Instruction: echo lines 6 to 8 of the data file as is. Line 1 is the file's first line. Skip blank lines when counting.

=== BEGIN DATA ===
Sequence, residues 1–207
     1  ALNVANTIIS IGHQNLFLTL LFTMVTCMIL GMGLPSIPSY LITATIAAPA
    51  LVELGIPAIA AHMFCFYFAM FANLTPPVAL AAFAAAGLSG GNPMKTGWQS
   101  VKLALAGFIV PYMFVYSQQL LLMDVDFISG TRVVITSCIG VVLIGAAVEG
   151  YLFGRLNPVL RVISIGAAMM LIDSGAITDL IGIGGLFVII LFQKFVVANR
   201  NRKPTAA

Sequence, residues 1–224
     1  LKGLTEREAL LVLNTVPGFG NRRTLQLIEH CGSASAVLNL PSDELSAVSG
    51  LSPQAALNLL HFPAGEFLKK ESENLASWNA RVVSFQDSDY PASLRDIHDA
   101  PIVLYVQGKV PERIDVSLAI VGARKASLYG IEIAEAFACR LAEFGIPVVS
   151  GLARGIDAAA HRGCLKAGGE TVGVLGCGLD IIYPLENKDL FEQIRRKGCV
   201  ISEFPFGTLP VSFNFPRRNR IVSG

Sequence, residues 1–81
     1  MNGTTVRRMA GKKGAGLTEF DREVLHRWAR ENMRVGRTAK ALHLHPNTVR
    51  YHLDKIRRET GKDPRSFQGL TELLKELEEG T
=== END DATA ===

   201  NRKPTAA

Sequence, residues 1–224
     1  LKGLTEREAL LVLNTVPGFG NRRTLQLIEH CGSASAVLNL PSDELSAVSG